Pat Gillick has spoken as only Pat Gillick speaks these days, that is to say, with tempered, measured words that barely reveal what he might really be thinking rather than the famously scalding rhetoric of former GM Dallas Green, whose thoughts and feelings were always an open book. From Gillick's perspective, players aren't "killing" the Phillies; they are simply failing to perform their day-to-day jobs up to the level expected. Who's to say which is the better approach when it comes to results on the field? One thing is clear, however; Gillick expresses little passion on the subject. He is "disappointed" while the legions of fans who entered this season with great expectations are depressed. In a lengthy piece in today's Inquirer by Jim Salisbury, Gillick gave himself a "C" (the word he used was "average") for his performance. Everything about the man smacks of "average" with the exception of his taste in shirts.
Gillick's first state of the union, mid-season division, sees problems in the middle of the batting order and in the bullpen, or precisely the same spots he warned needed fixing prior to the start of festivities. Are we to assume Gillick tried to fix these spots and failed to find adequate value or are we to assume he spent too much time nibbling around the edges with players from his past stops in Baltimore and Seattle? Probably both and something else.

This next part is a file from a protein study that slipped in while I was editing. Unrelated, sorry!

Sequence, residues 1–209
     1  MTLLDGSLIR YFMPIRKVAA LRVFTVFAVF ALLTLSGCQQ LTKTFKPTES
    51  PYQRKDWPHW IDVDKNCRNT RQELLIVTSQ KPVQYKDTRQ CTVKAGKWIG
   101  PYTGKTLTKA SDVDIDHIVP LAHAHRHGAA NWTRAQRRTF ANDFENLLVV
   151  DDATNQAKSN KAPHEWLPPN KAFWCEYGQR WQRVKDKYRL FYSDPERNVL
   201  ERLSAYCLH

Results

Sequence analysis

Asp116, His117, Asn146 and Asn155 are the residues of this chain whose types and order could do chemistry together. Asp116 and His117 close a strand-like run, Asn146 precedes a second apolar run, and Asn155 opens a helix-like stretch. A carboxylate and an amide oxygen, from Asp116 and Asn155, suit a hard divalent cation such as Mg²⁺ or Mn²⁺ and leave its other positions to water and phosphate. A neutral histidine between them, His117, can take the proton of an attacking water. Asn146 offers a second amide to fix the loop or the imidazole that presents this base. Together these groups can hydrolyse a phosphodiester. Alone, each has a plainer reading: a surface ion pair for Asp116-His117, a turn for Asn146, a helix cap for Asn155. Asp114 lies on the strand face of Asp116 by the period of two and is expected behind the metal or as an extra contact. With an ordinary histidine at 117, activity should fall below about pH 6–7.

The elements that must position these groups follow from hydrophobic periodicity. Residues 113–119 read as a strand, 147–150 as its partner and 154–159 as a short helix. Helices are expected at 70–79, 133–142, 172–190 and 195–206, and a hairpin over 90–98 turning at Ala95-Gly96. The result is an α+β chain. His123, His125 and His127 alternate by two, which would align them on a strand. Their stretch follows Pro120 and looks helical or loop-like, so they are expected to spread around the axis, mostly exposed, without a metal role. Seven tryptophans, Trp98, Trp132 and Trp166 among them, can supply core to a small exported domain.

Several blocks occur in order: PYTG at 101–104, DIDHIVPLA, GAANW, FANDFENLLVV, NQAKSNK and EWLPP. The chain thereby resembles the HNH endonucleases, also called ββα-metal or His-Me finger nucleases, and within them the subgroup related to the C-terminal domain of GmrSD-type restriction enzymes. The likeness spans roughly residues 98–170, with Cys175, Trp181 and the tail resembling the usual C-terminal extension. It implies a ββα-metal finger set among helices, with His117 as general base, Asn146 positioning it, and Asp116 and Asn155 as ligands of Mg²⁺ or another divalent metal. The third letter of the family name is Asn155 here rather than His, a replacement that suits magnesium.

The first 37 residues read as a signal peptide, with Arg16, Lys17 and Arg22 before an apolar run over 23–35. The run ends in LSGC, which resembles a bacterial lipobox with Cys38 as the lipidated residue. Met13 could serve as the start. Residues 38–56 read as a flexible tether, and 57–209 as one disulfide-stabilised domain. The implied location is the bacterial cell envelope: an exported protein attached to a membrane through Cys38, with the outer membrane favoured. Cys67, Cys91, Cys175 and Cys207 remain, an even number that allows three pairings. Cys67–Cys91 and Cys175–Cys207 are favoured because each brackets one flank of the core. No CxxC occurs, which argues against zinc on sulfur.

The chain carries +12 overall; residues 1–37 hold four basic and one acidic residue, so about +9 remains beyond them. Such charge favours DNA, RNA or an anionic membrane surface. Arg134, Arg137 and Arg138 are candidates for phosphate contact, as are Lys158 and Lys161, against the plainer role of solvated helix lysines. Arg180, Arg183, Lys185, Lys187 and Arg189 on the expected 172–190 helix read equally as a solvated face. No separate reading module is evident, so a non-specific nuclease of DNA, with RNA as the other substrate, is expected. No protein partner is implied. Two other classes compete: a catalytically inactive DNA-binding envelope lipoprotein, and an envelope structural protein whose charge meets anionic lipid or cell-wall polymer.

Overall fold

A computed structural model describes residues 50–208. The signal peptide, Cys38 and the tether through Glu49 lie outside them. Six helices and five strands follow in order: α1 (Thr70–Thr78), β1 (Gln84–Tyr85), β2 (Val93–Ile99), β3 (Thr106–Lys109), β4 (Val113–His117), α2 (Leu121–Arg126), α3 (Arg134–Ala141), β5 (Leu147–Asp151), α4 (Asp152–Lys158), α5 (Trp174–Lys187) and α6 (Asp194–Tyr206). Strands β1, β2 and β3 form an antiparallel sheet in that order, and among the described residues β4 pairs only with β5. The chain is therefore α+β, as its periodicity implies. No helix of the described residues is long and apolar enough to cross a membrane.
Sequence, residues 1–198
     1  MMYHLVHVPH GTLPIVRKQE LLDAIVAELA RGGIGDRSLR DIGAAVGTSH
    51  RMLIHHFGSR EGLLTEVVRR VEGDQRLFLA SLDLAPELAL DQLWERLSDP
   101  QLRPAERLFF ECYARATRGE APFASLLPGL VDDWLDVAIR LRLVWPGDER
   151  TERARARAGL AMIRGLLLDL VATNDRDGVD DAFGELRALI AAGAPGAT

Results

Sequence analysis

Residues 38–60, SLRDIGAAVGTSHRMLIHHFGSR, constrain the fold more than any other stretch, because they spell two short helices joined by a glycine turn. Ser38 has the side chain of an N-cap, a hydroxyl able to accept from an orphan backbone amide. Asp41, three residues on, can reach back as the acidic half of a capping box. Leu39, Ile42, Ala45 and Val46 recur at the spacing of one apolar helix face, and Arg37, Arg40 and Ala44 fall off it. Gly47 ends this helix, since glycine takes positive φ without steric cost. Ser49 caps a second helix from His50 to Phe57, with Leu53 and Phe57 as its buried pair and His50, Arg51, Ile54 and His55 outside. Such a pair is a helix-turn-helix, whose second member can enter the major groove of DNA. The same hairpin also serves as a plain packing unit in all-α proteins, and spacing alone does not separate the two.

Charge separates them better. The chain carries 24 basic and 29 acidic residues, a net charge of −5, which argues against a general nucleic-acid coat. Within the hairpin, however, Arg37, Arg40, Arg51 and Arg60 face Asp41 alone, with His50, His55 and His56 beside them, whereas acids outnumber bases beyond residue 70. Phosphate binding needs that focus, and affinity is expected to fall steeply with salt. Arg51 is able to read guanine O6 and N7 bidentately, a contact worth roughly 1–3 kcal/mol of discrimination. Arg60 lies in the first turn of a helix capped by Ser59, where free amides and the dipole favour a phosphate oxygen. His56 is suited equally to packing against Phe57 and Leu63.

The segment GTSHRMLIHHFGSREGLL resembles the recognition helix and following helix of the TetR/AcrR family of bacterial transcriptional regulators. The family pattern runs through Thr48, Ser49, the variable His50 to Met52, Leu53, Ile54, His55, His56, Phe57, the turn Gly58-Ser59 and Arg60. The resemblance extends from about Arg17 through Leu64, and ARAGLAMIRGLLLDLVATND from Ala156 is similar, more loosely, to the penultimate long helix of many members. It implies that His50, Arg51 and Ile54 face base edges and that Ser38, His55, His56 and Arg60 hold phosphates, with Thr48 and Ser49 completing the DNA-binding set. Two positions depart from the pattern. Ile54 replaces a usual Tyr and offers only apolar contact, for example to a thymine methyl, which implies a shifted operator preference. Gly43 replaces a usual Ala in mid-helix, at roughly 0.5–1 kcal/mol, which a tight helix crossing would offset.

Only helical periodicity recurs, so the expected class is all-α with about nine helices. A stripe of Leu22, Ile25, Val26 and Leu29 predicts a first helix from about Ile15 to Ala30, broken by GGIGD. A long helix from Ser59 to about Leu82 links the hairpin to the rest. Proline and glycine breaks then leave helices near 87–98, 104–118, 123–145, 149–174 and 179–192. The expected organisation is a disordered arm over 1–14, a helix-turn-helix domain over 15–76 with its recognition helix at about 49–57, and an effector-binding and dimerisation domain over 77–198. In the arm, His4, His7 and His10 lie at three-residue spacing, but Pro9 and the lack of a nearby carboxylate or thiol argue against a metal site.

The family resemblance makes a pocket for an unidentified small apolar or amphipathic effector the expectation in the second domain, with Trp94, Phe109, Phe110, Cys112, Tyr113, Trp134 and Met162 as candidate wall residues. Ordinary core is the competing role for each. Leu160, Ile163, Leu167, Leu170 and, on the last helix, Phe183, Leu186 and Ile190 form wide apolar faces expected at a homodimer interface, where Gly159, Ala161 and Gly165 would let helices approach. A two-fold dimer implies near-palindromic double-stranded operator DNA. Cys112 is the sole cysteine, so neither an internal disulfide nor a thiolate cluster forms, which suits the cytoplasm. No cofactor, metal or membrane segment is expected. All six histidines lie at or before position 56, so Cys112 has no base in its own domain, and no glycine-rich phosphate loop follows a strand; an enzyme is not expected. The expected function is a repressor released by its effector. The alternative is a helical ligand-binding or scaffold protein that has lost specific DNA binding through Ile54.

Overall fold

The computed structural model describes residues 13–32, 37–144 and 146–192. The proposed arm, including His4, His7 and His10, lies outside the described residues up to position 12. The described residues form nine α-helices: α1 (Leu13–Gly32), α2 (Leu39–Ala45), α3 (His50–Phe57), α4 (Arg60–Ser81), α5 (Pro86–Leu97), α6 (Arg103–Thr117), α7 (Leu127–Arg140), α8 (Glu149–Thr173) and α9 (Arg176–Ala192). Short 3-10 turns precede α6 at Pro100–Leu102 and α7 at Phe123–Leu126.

As I've written in the past, Gillick appears to be one helluva detached GM who is coasting on past successes in a game that appears to have passed him by. The "game" in question is not the one played on the field; there's little doubt he knows that aspect of his job. When it comes to negotiations, trades, free agent, waiver and Rule 5 signings, however, Gillick no longer appears to be able to keep pace with his younger, more savvy brethren. Nor does he appear to have much interest in rebuilding an organization from the top down to remedy things. As was pointed out by a commenter over at Beerleaguer, the personnel manning the top posts in this organization have changed very little over the years and the results reflect that lack of imagination and fresh ideas. Need we remind ourselves the assistant GM as well as the directors of player development, scouting, et al serve at the pleasure of the GM?
In the end, it's hard to define what precisely that pleasure might be for Gillick. By all accounts including his own broadly dropped hints this stop will be his last hurrah. When that day finally comes the cheering will have long-since ceased.